Bury the Lede vs. Bury the Lead: Idiom Tips and Origins
  • 2-minute read
  • 28th July 2021

Bury the Lede vs. Bury the Lead: Idiom Tips and Origins

Are you wondering if it’s “bury the lede” or “bury the lead”? Both are correct, but which one should you use? In this article, we’ll explore the meaning of this common idiom, why there are two spellings, and which one is best for your writing. Plus, we’ll delve into the origins of the word “lede.”

What Does “Bury the Lede” Mean?

To “bury the lede” means to fail to emphasize the most important part of a story from the start. The “lede” here is the lead paragraph of an article. And on a literal level, the phrase means to fail to begin an article with the information a reader would need to know to follow the story. For example, you might say:

If you bury the lede by not mentioning the arrest, people will be confused.

On a more figurative level, people often use this phrase to mean “obscure or fail to mention important information.” For instance:

She complained about his behavior on their first date, but she didn’t mention that he was married for weeks! Talk about burying the lede!

In either case, though, it can be spelled “bury the lede” or “bury the lead.” We use “lede” above since it reflects the phrase’s journalistic origins.

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“Bury the Lede” vs. “Bury the Lead”

Both “bury the lede” and “bury the lead” are acceptable spellings of this phrase. However, “lede” is the journalistic spelling that originated in newsrooms in the mid-20th century. It was created to avoid confusion with “lead,” the metal traditionally used in printing presses. Even though digital printing has largely replaced physical printing, “lede” continues to be used in journalism today. In 2008, it was even added to the Merriam-Webster dictionary.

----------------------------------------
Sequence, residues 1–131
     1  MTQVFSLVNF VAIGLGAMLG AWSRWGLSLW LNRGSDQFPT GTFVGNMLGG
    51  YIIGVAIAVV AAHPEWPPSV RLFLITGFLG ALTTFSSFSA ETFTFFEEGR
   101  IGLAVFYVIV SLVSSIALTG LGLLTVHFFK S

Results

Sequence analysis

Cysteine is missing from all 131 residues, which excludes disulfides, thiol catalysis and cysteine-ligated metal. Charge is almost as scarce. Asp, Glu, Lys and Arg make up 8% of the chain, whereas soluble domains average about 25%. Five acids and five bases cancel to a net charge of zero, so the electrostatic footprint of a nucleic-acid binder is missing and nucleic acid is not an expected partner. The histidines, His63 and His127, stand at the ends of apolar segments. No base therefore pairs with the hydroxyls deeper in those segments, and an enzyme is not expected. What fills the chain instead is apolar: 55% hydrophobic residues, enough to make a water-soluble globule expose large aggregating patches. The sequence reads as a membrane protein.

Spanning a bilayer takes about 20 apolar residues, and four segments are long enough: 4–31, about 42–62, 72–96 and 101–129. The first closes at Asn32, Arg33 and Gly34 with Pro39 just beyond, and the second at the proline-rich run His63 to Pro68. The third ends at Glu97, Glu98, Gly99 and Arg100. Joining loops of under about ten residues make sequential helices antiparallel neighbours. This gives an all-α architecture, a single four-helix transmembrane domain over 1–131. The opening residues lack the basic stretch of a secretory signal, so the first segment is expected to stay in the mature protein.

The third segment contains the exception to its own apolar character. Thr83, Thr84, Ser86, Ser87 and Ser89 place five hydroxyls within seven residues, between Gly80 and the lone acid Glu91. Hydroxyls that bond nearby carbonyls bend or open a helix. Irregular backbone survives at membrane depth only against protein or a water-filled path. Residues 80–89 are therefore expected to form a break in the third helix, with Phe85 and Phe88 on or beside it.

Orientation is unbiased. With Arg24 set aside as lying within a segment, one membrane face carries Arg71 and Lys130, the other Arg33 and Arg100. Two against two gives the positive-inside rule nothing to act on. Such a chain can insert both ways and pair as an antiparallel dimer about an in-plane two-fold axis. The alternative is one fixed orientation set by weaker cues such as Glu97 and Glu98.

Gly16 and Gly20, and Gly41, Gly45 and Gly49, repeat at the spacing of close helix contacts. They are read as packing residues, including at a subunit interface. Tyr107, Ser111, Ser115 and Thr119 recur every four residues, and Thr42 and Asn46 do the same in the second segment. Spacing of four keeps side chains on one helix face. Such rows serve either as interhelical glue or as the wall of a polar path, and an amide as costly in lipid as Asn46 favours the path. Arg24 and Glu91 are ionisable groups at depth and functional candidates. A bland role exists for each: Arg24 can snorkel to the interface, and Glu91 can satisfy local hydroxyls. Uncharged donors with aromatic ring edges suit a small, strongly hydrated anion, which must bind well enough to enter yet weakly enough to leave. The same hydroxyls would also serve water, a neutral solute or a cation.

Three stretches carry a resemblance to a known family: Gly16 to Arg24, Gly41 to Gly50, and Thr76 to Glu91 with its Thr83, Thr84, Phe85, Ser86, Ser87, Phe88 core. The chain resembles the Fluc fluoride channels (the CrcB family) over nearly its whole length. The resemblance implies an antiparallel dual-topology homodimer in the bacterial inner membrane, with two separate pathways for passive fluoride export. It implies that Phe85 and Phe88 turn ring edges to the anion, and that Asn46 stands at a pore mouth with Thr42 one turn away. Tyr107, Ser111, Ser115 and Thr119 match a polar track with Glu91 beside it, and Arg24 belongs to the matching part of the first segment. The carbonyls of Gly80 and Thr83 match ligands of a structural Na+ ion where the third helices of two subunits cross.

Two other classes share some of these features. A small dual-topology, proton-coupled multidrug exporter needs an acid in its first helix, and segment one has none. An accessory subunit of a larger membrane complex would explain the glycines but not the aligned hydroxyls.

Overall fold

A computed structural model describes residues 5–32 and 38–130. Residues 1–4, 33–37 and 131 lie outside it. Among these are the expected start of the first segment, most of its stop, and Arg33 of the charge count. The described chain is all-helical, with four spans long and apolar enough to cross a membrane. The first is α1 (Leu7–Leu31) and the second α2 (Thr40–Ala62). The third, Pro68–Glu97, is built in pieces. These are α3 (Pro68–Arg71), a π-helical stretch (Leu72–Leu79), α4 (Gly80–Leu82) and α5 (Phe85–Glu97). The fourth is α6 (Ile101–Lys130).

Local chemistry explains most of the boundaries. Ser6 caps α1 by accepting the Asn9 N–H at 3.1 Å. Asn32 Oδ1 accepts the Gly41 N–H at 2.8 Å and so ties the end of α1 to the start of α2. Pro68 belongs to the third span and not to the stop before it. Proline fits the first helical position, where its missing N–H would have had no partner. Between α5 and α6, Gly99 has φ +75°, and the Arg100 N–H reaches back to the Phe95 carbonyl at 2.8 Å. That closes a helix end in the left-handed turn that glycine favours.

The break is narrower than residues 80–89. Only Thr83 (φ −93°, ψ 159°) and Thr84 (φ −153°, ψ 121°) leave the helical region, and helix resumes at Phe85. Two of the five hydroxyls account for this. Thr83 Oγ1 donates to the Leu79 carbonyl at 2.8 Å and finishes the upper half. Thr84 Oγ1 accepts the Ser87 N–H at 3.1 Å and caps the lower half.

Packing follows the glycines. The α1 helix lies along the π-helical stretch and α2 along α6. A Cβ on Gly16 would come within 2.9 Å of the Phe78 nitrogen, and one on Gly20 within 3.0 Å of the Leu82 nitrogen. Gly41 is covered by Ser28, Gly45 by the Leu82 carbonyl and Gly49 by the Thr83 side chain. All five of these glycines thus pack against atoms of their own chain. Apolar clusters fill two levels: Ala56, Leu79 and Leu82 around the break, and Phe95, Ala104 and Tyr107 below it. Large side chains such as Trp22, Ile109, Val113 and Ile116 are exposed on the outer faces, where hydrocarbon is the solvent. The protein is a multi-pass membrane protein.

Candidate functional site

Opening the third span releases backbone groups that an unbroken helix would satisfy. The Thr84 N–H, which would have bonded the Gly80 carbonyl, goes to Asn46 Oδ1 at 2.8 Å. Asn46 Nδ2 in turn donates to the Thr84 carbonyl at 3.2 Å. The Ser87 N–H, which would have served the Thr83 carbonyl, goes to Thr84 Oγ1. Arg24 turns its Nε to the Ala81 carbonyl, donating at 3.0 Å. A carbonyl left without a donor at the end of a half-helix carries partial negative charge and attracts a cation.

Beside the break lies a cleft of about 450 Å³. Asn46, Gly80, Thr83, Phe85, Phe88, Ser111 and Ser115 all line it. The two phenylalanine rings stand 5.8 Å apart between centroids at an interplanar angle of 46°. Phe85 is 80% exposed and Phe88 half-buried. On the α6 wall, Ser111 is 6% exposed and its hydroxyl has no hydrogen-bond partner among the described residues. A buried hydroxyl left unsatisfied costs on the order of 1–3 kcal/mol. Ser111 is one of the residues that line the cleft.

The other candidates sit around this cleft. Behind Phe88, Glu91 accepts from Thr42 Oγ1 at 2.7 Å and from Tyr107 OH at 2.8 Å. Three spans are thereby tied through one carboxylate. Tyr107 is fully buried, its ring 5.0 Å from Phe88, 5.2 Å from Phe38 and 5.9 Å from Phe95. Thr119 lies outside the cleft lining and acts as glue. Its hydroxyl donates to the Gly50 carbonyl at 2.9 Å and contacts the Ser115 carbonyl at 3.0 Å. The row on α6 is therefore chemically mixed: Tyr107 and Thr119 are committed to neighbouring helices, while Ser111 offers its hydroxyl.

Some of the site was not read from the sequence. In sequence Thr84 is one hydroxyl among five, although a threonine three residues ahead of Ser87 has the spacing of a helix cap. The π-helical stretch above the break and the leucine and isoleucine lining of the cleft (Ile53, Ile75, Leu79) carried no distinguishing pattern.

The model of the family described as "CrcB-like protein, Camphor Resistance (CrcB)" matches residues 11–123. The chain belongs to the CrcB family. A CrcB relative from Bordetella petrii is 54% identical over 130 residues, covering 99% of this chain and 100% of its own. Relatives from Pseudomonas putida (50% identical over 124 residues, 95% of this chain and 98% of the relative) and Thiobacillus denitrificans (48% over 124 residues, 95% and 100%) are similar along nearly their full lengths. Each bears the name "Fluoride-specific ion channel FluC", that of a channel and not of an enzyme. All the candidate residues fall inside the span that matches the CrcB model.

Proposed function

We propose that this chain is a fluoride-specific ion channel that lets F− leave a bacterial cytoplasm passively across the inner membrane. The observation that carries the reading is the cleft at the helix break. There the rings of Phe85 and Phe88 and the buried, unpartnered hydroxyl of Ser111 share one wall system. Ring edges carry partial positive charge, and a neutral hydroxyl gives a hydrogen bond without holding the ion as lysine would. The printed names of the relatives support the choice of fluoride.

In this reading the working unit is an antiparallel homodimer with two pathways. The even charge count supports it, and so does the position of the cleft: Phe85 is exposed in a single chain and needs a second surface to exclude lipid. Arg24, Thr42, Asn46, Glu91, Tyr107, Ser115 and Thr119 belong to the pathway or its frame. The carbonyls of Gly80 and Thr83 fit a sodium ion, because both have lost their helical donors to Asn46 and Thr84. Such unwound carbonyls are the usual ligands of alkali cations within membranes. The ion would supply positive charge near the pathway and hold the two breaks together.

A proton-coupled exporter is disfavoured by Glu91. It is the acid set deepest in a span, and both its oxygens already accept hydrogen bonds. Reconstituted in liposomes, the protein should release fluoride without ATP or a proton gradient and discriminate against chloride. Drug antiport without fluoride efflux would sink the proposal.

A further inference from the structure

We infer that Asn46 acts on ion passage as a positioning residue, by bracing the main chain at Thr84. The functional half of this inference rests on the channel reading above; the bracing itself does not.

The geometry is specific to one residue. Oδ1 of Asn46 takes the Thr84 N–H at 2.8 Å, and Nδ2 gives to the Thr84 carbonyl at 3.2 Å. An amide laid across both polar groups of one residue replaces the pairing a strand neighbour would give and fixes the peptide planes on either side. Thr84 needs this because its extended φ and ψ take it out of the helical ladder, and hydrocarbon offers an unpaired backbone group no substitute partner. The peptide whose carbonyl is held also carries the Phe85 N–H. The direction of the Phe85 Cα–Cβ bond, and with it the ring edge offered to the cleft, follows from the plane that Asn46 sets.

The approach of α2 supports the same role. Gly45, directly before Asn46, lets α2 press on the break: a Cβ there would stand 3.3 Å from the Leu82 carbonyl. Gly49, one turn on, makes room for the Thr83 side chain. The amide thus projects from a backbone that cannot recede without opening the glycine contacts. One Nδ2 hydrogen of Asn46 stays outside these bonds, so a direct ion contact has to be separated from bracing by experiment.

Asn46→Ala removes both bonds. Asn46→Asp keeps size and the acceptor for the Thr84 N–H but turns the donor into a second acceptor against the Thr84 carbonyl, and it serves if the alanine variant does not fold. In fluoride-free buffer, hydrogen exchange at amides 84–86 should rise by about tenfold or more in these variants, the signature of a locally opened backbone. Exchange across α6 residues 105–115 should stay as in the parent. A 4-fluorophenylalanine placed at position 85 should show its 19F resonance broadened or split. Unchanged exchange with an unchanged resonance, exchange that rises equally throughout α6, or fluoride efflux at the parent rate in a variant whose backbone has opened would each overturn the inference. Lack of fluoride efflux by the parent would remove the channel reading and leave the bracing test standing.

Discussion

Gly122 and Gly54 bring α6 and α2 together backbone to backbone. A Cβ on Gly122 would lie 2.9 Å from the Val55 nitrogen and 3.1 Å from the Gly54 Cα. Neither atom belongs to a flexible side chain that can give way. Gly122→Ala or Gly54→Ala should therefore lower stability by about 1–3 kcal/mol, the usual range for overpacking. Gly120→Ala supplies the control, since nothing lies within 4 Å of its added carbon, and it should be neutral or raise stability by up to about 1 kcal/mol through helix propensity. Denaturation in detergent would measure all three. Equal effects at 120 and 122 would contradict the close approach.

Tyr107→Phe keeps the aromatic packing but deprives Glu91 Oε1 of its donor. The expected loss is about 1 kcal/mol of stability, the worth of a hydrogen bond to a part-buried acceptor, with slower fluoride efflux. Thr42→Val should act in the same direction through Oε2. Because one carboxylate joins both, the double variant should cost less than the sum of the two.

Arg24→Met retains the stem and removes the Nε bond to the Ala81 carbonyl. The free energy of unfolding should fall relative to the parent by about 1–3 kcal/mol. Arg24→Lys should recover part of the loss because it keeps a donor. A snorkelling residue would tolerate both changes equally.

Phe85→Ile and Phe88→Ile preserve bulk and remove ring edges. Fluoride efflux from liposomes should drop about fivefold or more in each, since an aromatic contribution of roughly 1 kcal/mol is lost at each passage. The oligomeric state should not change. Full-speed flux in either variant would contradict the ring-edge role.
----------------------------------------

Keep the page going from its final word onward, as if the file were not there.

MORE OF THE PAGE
Which One Should You Use?

Whether to use “lede” or “lead” depends on your audience and context. If you’re writing for a news publication or using the term in a journalistic context, “lede” is the preferred spelling. However, if you’re writing for a general audience or not referring specifically to journalism, either spelling is acceptable.

Final Thoughts

To sum up, “bury the lede” and “bury the lead” are both correct spellings of this idiom. “Lede” is the journalistic spelling that emerged in the mid-20th century to avoid confusion with the metal “lead.” Whether you choose to use “lede” or “lead” depends on your audience and context. By keeping these tips in mind, you’ll be able to use this phrase with confidence in your writing.

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Comments (2)
9th March 2022 at 04:17
This says the spelling was changed in the 70s. Other sites say that the alternate spelling started in the 50s. Doubt it would matter to most, unless on a trivia game or something like that.
    9th March 2022 at 09:40
    Hi, Dwayne. We'd based this post on the date given by the Merriam-Webster dictionary, but looking elsewhere online, it does seem that other sources suggest it may have originated in the 1950s, so we'll update the post to cover this possibility. Thanks for pointing it out.

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